difference in spaceball models

Questions and answers about 3Dconnexion devices on Windows.

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gr8sc077
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difference in spaceball models

Post by gr8sc077 » Mon Apr 02, 2007 12:50 am

I have e-mailed 3dconnexion a couple times about compatability in spaceball 4000/5000 models, but now I am getting really confused. So far I see combinations of 4000, 5000, serial, USB, FLX, 6094-051, 41L6030, and 33L3252.

What are these different names and how can I relate them to combatability in programs? Are those last three subgroups of 4000 or 5000? Is there a fine or blurry line between thses? Such as comparing a 5000 serial to either a 4000 serial or 5000 USB. Also, what does IBM have to do with 3Dconnexion?

I've been trying to read up but different people are saying different things abour different models. Its apples and oranges.

Bottom line is so far, my favorite programs are sketchup (5&6), CAD, photoshop, 3dMAX, and revit. Is there a definant way to seperate these different models so I know which are compatible with these? Is there a list of compatable programs for each of these models? Would anything happen if I were to plug a 4000 into sketchup? Its still a 3D environment right?

Anything to clarify these different models would be helpful. I have no idea how long I've been trying to figure out these differences so far.

Thanks for the help!

agoenczi
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difference in spaceball models

Post by agoenczi » Mon Apr 02, 2007 7:34 am

Hi gr8sc077

The SpaceBall models are different generations, the earlier models having lower model numbers, the last released model was the SpaceBall 5000.

You have also to know that 3Dconnexion discontinued the support for serial devices (as many computer manufacturer did as well).

The last SpaceBall which is supported for now in the new 3DxSoftware generation (v3-x-x) is the SpaceBall 5000, but only the USB version.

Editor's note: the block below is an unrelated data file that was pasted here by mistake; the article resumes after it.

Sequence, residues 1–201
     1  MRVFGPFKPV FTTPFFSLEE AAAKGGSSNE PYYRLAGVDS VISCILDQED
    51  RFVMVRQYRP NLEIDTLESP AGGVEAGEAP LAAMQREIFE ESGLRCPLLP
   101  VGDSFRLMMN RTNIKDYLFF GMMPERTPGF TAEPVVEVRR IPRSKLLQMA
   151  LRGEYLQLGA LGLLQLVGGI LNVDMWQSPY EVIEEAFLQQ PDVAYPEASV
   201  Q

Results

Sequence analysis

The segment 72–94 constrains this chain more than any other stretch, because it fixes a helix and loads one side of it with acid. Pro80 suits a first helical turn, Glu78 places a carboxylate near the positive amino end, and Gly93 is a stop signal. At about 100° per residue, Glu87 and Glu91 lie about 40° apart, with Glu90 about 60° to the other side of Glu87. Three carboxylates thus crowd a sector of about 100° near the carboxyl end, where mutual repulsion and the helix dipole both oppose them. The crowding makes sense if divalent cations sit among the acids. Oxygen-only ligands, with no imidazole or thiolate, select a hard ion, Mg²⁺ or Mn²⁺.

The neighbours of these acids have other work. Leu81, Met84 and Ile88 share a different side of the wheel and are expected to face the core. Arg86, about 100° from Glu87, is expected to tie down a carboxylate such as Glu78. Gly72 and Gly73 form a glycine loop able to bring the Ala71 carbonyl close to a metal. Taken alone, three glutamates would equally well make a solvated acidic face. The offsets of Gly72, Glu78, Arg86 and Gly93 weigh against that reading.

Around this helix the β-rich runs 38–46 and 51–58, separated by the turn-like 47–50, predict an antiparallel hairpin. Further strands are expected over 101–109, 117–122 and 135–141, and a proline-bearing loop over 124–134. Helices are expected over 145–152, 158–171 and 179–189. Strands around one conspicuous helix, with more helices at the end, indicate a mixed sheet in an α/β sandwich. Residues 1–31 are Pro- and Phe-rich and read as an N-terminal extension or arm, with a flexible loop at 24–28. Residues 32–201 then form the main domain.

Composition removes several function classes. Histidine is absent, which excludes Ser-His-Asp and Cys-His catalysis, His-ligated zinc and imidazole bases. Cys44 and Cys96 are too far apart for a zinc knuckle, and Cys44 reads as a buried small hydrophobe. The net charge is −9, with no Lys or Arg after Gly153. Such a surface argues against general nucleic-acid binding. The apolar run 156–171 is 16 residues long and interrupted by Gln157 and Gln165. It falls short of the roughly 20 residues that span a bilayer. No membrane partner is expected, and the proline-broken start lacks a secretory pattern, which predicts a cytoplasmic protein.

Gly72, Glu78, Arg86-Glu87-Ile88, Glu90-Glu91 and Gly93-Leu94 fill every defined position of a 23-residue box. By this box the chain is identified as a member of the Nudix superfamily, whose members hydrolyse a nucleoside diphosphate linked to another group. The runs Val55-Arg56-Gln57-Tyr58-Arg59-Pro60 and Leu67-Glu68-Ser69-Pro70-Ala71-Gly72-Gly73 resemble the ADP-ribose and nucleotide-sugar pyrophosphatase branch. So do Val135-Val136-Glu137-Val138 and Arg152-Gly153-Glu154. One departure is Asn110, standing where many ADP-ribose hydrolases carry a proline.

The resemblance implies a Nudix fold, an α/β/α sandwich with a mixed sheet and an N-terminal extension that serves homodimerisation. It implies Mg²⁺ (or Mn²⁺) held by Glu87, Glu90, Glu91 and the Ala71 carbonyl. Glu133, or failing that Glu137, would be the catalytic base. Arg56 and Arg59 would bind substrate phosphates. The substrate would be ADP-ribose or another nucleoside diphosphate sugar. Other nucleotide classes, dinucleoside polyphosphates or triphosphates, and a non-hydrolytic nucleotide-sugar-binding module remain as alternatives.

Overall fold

SketchUp has support for the SpaceBall 5000. Adobe Photoshop CS3, 3DS Max 8 and 9 has support as well (for SpaceBall 5000 USB), but not anymore for other (earlier manufactured) SpaceBalls.
agoenczi

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Post by jwick » Mon Apr 02, 2007 7:45 am

Hi gr8sc077,

I'll try to clarify the Spaceball models for you.

In a galaxy far, far away... <G>

There have been a few companies over the years that have manufactured Spaceballs. They were all related and some employees travelled with the technology. The company ownership and name has changed from Spatial Systems, PTY LTD, to Spatial Systems Inc, to Spaceball Technologies Inc, to Spacetec IMC Corp, to Labtec, to Logitech and now finally 3Dconnexion (a wholly-owned company of Logitech). In addition, the device was sold through other companies that put their own name on it: Silicon Graphics, Intergraph, Evans & Sutherland, IBM, HP, and others in Europe and Japan that I have forgotten about). You might find any of these names on the products.

There were several commercially-produced models:
1003 -- serial, truly huge, 2 rows of 4 buttons + 1 inside the ball
2003 -- serial, much smaller, 1 row of 8 buttons + 1 inside the ball (for the most part--there were other variations)
3003 -- serial, quite small, just a ball and a palm rest, 2 buttons
SpaceController -- serial, PC version of the 3003
4000 FLX -- serial, the modern look but a more flexible ball
Spaceball Avenger -- serial, hand-held game product -- small production run
SpaceOrb 360 -- serial, more popular hand-held game product
ASCII Sphere 360 -- Sony Playstation version of the SpaceOrb 360
SpaceBall 5000 -- two serial verisons (5000 & 5000A) and one USB version. These differ from the 4000 by having a 3Dconnexion-developed sensor inside. The same sensor used in the SpacePilot, SpaceNavigator, SpaceExplorer. The difference between a 5000 and a 5000A is completely different and incompatible firmware between the two.

The 6094 numbers are IBM OEM units. As I recall the -030 was a 2003, the -040 is probably a 4000, the -051 is probably a 5000A (which is firmware compatible with the 4000).

The FLX was a ball that had more movement and was more robust than its predecessors. It was introduced with the SpaceOrb and subsequently used on the 2003FLX, the 3003 FLX and the 4000 FLX. This ball did not have a button inside it.

The 41L6030 and 33L3253 model numbers don't ring a bell. Perhaps they are HP OEM model numbers ???

The good news is: if you use the 3DxWare driver all device dependencies are taken care of. You program to the API. The API doesn't change. You don't need to know which device is attached. If you want to display the device name or number of buttons or such, to your user, you can get that information from the driver.

The bad news is: from time to time, ancient devices will drop off the supported devices list. Just like graphics card companies, we can't constantly test devices that were manufactured so long ago that we can't even find cables for them <G>. For instance, a recent version of 3DxWare on Windows (version 6) dropped support for all serial devices. this means that people buying ancient devices on eBay had better get a ancient version of the driver with it, or they will be out of luck trying to make it work with their modern application. They had better hope that the Windows 95 version of the driver runs on Vista too...